Mark D. Roberts

Mark D. Roberts

The Growing Church: Part 2

Part 2 of series: The Growing Church: A Bible Study in Ephesians 4 Permalink for this post / Permalink for this series

This is the second part of my address to the Presbyterians for Renewal breakfast at the General Assembly of the PCUSA. The first part included a preface and an overview of Ephesians 1-3, which revealed God’s plan for the cosmos and the role of the church in this plan. Now, on to Part 2 . . . .
Where Should We Begin?
So where should we begin in our effort to lead a life worthy of the calling to live for the praise of God’s glory?
The answer of Ephesians 4 begins in a most surprising way. It says we’re to live “with all humility and gentleness, with patience, bearing with one another in love, making every effort to maintain the unity of the Spirit in the bond of peace” (4:3). The verb translated here as “making every effort” conveys a sense of urgency, of eagerness. We’re to desire unity and work to preserve it.
If you’re sitting in this room today, if you’re still working and praying for the renewal of the PCUSA even after so many years of fighting and frustration, may I suggest that you have indeed been “making every effort to maintain the unity of the Spirit in the bond of peace.” Oh, I’m sure many of us haven’t done this with much eagerness. Exhaustion has a way of depleting our zeal. Perhaps we’ve sought unity more out of duty than passion. But, even so, I believe our efforts to keep the fractured PCUSA together are consistent with the call of Ephesians 4:3.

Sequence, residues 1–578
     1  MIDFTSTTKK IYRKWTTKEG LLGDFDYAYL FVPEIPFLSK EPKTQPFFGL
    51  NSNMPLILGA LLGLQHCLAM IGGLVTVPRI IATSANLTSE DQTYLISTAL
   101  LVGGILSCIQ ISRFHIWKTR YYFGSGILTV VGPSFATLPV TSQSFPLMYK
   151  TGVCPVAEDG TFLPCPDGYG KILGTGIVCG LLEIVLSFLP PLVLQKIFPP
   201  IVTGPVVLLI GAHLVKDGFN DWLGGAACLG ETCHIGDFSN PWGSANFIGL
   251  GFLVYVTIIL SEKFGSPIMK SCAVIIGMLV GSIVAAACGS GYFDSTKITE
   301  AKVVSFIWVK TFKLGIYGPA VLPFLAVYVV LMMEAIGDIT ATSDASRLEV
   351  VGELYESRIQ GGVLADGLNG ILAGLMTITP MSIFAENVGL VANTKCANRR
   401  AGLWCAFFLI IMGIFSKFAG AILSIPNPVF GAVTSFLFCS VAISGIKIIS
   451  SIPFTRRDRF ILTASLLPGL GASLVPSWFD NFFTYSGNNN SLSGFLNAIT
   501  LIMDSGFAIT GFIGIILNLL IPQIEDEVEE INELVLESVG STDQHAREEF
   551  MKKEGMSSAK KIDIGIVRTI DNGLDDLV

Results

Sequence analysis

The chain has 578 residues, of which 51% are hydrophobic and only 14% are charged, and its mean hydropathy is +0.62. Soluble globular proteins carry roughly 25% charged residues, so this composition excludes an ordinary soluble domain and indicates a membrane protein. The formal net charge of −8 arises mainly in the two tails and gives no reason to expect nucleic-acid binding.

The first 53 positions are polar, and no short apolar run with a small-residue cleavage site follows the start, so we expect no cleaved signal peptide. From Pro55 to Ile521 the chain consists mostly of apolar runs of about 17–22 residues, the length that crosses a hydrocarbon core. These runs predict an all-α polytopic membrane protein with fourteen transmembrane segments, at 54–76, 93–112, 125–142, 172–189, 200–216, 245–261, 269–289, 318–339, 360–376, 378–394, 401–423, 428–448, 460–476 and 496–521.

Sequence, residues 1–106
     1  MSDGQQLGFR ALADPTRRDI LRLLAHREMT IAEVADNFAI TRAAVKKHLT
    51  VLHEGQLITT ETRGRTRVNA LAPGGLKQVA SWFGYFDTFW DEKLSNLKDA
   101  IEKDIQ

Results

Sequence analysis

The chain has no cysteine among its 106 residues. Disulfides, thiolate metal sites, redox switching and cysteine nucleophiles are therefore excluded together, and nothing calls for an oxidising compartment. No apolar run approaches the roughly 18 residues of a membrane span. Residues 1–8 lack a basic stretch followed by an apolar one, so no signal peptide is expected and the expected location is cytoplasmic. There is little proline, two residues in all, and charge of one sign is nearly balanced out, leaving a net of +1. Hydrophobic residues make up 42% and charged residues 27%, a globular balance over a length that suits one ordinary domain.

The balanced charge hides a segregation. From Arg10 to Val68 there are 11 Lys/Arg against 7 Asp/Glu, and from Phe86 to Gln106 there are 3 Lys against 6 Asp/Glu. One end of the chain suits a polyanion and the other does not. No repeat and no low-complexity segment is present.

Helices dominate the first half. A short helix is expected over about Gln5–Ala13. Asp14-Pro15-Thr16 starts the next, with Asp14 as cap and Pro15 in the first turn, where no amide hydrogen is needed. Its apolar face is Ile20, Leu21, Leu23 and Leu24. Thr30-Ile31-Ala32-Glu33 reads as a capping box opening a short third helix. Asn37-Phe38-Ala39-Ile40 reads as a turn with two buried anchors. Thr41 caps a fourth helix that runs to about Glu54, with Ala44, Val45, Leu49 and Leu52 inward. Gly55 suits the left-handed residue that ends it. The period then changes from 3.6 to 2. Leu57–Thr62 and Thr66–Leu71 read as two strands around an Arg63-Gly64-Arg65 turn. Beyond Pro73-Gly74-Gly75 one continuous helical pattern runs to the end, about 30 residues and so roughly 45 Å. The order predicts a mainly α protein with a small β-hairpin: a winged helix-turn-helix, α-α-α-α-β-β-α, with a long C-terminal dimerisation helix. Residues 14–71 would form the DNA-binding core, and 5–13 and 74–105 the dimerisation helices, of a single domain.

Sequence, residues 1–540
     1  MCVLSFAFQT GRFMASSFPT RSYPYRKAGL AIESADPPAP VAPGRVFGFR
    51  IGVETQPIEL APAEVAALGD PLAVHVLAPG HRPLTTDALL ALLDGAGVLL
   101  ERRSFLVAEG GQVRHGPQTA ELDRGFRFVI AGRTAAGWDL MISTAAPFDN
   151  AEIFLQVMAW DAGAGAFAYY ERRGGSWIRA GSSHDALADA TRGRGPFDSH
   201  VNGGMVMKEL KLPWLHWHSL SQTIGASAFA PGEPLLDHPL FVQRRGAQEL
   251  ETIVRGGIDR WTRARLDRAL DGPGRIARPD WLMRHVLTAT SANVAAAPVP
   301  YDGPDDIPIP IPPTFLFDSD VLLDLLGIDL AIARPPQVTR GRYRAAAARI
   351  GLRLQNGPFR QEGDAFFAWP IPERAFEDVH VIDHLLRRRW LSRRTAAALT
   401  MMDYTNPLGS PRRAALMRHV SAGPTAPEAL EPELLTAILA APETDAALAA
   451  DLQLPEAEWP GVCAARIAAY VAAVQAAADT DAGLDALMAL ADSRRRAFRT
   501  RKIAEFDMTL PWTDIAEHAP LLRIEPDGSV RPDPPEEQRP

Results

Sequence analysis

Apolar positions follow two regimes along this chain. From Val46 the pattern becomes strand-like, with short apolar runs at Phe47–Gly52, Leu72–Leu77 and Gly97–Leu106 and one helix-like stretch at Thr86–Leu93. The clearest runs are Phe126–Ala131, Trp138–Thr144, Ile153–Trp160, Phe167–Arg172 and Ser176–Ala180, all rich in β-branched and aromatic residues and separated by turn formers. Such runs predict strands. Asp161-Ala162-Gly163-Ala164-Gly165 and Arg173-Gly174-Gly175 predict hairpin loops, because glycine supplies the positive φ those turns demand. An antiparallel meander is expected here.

Now I realize that some would say we have no more unity to preserve, that our theological divisions run so deep as to destroy our denominational unity. This may be true today, though I don’t think so. And it may be true tomorrow, though I pray it won’t be so. Scripture makes it clear elsewhere, in 1 Corinthians 5 or 2 John, for example, that unity isn’t an absolute value. There are times when persistent sin or theological error can break our spiritual connectionalism and lead to necessary separation. But, even in such sad situations, may we still yearn for restoration, for genuine unity that reflects the Gospel.
Pastors as Teachers
My limited time this morning requires me to skip some marvelous material in verses 4-10 of Ephesians 4. I’ll jump down to verse 11, where it reads:


The gifts [Christ] gave were that some would be apostles, some prophets, some evangelists, some pastors and teachers, to equip the saints for the work of ministry, for building up the body of Christ, until all of us come to the unity of the faith and of the knowledge of the Son of God, to maturity, to the measure of the full stature of Christ.

Notice that, in this passage, gifts are not abilities for ministry, but the people who provide leadership in the church, including pastor-teachers. The Greek original links these two roles essentially, by the way. Here is a reminder for those of us who are pastors that teaching is essential to our leadership. We are not just community organizers, counselors, dialogue-starters, and program directors. We have been given the responsibility of teaching God’s truth to God’s people. Too often in our day, churches expect pastors to do a myriad of other things besides teaching, thus diluting pastoral effectiveness and, ultimately, impoverishing churches. Even preachers can sometimes minimize the importance of teaching.